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The vanishing sampaloc trees along Tomas Morato Avenue in Quezon City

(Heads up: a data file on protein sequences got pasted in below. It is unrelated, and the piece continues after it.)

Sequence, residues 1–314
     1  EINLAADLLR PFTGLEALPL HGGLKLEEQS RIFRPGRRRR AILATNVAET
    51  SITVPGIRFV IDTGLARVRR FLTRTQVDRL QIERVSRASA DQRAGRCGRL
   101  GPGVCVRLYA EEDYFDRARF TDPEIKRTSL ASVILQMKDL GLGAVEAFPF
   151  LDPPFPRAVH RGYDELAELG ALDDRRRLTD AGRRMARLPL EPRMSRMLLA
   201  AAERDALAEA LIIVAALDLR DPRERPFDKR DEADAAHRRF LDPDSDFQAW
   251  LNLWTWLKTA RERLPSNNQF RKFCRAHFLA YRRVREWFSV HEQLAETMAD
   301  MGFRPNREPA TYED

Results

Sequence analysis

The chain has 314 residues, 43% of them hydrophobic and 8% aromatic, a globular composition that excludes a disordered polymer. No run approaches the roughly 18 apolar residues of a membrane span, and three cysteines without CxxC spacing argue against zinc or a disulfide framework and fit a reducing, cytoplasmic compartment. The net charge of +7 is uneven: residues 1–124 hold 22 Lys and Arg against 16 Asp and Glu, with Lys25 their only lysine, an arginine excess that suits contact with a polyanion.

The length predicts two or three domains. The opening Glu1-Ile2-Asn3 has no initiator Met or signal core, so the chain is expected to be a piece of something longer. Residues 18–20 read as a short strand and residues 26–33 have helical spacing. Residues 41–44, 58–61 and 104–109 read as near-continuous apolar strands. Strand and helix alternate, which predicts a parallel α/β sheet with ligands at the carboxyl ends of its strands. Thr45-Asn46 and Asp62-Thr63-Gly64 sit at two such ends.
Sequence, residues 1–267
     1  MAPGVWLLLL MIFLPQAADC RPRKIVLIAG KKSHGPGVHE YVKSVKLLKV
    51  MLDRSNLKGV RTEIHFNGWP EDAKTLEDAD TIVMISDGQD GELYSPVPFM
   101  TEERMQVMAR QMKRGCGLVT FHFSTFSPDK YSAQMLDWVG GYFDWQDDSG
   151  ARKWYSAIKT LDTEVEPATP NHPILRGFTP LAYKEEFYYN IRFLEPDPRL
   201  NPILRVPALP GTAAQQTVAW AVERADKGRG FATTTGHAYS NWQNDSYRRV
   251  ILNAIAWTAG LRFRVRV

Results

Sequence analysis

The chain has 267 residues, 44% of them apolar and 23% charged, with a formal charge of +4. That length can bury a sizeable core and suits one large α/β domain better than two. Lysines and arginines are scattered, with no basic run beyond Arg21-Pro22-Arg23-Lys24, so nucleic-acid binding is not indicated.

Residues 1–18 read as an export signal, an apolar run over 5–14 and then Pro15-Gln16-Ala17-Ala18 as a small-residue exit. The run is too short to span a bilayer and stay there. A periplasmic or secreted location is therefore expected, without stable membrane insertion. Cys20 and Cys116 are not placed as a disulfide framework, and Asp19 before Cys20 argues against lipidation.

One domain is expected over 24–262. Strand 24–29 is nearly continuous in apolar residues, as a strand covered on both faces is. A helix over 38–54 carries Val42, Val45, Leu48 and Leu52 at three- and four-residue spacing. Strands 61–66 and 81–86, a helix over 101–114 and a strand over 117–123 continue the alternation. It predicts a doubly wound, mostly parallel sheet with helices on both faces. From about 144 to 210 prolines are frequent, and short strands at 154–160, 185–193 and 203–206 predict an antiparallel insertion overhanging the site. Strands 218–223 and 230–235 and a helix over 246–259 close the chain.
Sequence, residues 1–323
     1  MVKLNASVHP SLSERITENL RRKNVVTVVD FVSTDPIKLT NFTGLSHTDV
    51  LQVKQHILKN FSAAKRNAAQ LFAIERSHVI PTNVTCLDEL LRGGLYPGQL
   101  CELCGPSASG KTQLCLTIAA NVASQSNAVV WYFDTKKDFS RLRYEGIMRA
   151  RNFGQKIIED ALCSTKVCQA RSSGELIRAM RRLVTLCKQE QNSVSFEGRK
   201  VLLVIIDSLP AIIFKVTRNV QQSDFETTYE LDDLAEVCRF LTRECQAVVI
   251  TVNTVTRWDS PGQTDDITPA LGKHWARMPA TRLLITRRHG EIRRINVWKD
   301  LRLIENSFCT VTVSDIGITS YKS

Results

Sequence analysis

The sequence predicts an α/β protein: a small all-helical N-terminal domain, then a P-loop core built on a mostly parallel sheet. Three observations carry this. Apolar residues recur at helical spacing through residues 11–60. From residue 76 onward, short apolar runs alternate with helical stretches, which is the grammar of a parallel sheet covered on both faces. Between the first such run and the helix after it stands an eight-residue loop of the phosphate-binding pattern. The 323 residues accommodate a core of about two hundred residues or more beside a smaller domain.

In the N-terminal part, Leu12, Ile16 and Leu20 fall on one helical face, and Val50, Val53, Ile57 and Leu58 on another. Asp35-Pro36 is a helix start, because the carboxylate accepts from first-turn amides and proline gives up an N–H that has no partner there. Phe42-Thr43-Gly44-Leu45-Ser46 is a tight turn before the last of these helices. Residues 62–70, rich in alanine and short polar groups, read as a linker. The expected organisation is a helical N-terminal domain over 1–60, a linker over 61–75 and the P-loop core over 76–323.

There was a time when Tomas Morato Avenue in Quezon City was called Sampaloc Avenue.   The tall, leafy tamarind trees that lined the street were planted by Tomas Morato himself, along with former President Manuel Quezon and journalism icon Alejandro Roces.   But the Department of Environment and Natural Resources has recently ordered them cut down. Vigilance   Residents and netizens alike have bewailed the DENR’s action, accusing the agency of not only causing harm to the environment but also tampering with the city's intangible heritage.   “It is a one-man battle here, this avenue, I’ve been telling them because I have preserved mine since 1938 in front of my building,” laments Manuel Morato, son of former Quezon City mayor Tomas Morato.   Morato recalls that his father and the former President would spend weekends together and that they would plant the seedlings along the avenue with the late veteran journalist Alejandro Roces.   The trees grew, but so did the population, and more and more trees had to be cut down to give way to parking lots and business establishments.   Morato related through his column that he has been vigilant in guarding the trees, checking every time a tree is to be cut down if the city government had issued a permit.   Roman Amable, a DENR forester said the trees had to be cut down.   In an interview with GMA News’ Mark Salazar, Amable pointed out that the trees were already infested with disease, and posed a public health threat.   According to Renato Bedia, a tree surgeon from the Manila Seedling Bank Foundation, a mature tree could provide enough oxygen supply to two people for a year. It could also absorb as much as 40-48 pounds of carbon dioxide emissions from the atmosphere.   The law mandates that every tree cut should be replaced by at least 50 seedlings. It takes 10-20 years, however, for seedlings to mature. — with Ralph Angelo Ty/ELR, GMA News
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